(Is this a manifesto? There have been worse.)

Written by Randy McDonald

November 19, 2018 at 11:55 pm

[BLOG] Some Monday links

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  • Bruce Dorminey goes into detail about how the ESA’s Gaia space telescope discovered the vast, dim, Antlia 2 dwarf galaxy just outside of the Milky Way.
  • At the Everyday Sociology Blog, Colby King undertakes a sociological examination of the issues of the American circus.
  • At The Finger Post, David Finger remembers a 2004 visit to the Bosnian city of Mostar, symbolized by the destruction of the Stari Most, the old bridge, linking the two halves of the divided city.
  • The Frailest Thing’s L.M. Sacasas takes issue with Marie Kondo’s minimalism, her engineering of the physical environment through decluttering to create joy.
  • JSTOR Daily notes how Soviet cosmonaut Valentina Tereshkova, a spacefaring woman, challenges contemporary American sexism.
  • Language Hat notes the Japanese manga Heterogenia Linguistico, about linguists trying to understand the languages of non-humans.
  • Erik Loomis at Lawyers, Guns and Money shares the argument of Mike Davis that Malibu, the home of wealthy people who built in an environmentally sensitive and dangerous area, should be left to burn.
  • Lingua Franca looks at the unexpected complexities and subtleties of language involved in getting a hunting license in Montana.
  • Danny Lyon at the NYR Daily, visiting a New Mexico forest seven years after a devastating fire, notes how it takes generations for these environments to recover.
  • Jason Davis at the Planetary Society Blog notes how the arrival of the Orion service module has been made amidst speculation that the commercial model for the Orion is not working.
  • Roads and Kingdoms reports on an excellent Japanese bakery in Phnom Penh.
  • Strange Company describes the life and career of Carol Crane.
  • Window on Eurasia notes how Chuchotka and Kamchatka, remote Russian Far Eastern territories, are in many respects akin to islands.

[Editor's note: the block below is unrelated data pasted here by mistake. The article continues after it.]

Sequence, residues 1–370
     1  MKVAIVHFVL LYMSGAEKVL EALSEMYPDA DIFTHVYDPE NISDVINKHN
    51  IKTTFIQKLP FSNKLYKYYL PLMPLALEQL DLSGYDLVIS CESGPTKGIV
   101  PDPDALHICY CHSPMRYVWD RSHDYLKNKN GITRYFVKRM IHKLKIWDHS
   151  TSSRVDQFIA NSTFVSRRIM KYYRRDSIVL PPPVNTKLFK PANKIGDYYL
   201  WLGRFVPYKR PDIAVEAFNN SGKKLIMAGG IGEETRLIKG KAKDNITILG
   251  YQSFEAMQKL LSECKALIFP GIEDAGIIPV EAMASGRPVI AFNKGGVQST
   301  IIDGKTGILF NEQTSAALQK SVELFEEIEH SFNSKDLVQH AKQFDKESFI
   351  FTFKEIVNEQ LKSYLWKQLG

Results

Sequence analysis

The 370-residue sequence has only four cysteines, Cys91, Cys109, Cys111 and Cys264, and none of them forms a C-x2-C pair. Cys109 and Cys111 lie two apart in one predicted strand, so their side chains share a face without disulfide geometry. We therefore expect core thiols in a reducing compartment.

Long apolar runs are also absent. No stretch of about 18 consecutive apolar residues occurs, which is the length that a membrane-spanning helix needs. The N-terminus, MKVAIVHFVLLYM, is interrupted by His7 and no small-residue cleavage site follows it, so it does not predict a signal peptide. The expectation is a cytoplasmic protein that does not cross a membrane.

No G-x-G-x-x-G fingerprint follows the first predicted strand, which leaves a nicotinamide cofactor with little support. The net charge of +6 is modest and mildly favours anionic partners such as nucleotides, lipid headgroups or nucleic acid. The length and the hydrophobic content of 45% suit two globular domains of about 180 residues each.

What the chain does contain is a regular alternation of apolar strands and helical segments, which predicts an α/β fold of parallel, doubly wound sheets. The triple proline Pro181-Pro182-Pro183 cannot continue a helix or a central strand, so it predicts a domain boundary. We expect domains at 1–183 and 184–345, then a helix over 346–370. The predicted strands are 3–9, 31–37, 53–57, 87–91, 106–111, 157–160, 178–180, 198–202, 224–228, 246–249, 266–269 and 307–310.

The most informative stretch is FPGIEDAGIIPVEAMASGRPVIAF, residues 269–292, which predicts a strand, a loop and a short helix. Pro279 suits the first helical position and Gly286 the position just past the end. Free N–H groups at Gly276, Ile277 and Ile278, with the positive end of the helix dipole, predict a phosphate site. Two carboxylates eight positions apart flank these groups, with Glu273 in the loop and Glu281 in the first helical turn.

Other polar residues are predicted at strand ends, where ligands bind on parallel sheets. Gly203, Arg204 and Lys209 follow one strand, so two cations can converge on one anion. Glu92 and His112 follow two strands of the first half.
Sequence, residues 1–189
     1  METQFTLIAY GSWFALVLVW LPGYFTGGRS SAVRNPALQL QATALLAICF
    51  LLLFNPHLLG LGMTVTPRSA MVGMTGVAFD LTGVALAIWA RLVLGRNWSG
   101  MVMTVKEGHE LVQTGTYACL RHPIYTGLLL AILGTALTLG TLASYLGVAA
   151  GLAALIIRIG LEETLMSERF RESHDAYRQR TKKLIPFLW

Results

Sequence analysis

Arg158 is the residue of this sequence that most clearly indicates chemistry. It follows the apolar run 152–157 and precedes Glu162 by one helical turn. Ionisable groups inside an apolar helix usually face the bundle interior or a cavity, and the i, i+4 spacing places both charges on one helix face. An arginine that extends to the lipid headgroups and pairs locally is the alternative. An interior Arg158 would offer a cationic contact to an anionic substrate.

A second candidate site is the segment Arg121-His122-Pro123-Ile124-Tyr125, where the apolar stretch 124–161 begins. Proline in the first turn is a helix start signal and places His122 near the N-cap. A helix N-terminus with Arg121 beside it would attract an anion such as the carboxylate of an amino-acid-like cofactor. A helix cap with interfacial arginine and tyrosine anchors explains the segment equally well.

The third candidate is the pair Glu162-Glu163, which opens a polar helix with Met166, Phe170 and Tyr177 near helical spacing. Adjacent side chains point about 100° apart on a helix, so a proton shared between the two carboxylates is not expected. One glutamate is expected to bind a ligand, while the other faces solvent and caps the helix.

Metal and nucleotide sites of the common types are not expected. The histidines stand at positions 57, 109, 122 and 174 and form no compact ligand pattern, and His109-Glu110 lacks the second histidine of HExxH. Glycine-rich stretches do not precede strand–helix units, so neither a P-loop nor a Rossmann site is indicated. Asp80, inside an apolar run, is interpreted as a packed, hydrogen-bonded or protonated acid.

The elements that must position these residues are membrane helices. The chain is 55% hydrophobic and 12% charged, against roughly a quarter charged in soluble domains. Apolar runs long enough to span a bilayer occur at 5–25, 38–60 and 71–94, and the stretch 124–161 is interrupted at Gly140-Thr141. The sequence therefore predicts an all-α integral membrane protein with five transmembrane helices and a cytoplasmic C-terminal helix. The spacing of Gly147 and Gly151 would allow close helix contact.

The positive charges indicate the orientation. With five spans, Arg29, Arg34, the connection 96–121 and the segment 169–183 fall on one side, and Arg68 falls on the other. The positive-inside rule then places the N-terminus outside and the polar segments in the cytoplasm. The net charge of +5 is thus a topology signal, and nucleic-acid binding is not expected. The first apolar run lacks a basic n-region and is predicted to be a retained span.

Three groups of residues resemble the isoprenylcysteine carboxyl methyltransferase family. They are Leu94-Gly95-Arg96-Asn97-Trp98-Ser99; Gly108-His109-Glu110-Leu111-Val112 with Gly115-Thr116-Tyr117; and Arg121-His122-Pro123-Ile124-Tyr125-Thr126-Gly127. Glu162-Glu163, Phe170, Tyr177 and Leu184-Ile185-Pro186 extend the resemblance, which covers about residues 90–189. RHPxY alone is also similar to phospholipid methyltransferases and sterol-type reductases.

[URBAN NOTE] Some Sunday links

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  • Broadside Blog’s Caitlin Kelly looks at a new movie and book celebrating the life of brave journalist Marie Colvin.
  • Centauri Dreams looks at how the Spitzer telescope was able to constrain the size of ‘Oumuamua.
  • Crooked Timber asks a question about referenda. What are they good for? How can they be made to work effectively? The Brexit precedent is uncheering.
  • The Dragon’s Tales notes the delivery, by Europe, of the first service module for the Orion spacecraft.
  • The Island Review shares Sylvia Warren’s account of her visit to the Frioul archipelago, off the coast of Provence.
  • JSTOR Daily reports on the perhaps surprisingly thriving culture of fandom that prevailed in the 19th century, with fans around the world devoting their energies to stars.
  • Lawyers, Guns and Money suggests that the Democratic Party is grooming Beto O’Rourke to be a presidential candidate in 2020. Why not?
  • Marginal Revolution links to a report suggesting that the pace of scientific advancement is slowing down, with greater investments in scientific research producing increasingly fewer fundamental breakthroughs.
  • Carole Cadwalladr argues at the NYR Daily that the United Kingdom needs its own Mueller to get to the bottom of the scandals and mysteries surrounding Brexit.
  • Casey Dreier at the Planetary Society Blog notes how the support of Texan Republican Congressman John Culberson for the exploration of Europa was used by his opponents as part of a successful attack.
  • Drew Rowsome loves the movie Who Will Save The Roses?, with its story about the love of two older gay men for each other in hard times.
  • Ilya Somin at the Volokh Conspiracy argues that the Spiderman Rule–“With great power comes great responsibility”–should be remembered by practitioners of constitutional law.
  • Window on Eurasia considers what a proposed Russian sale of some of the Kuril Islands to Japan might imply about official attitudes towards territorial claims.
  • Starting from Calvin and Hobbes, Arnold Zwicky considers rattles, death rattles and otherwise.

[NEWS] Five culture links: maroons and pirates, witchcraft, Jane Austen, Korea/India, baybayin

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  • This Joseph Kelly extract at Longreads looks at how maroons and pirates made common cause in the Caribbean in fighting for their freedom.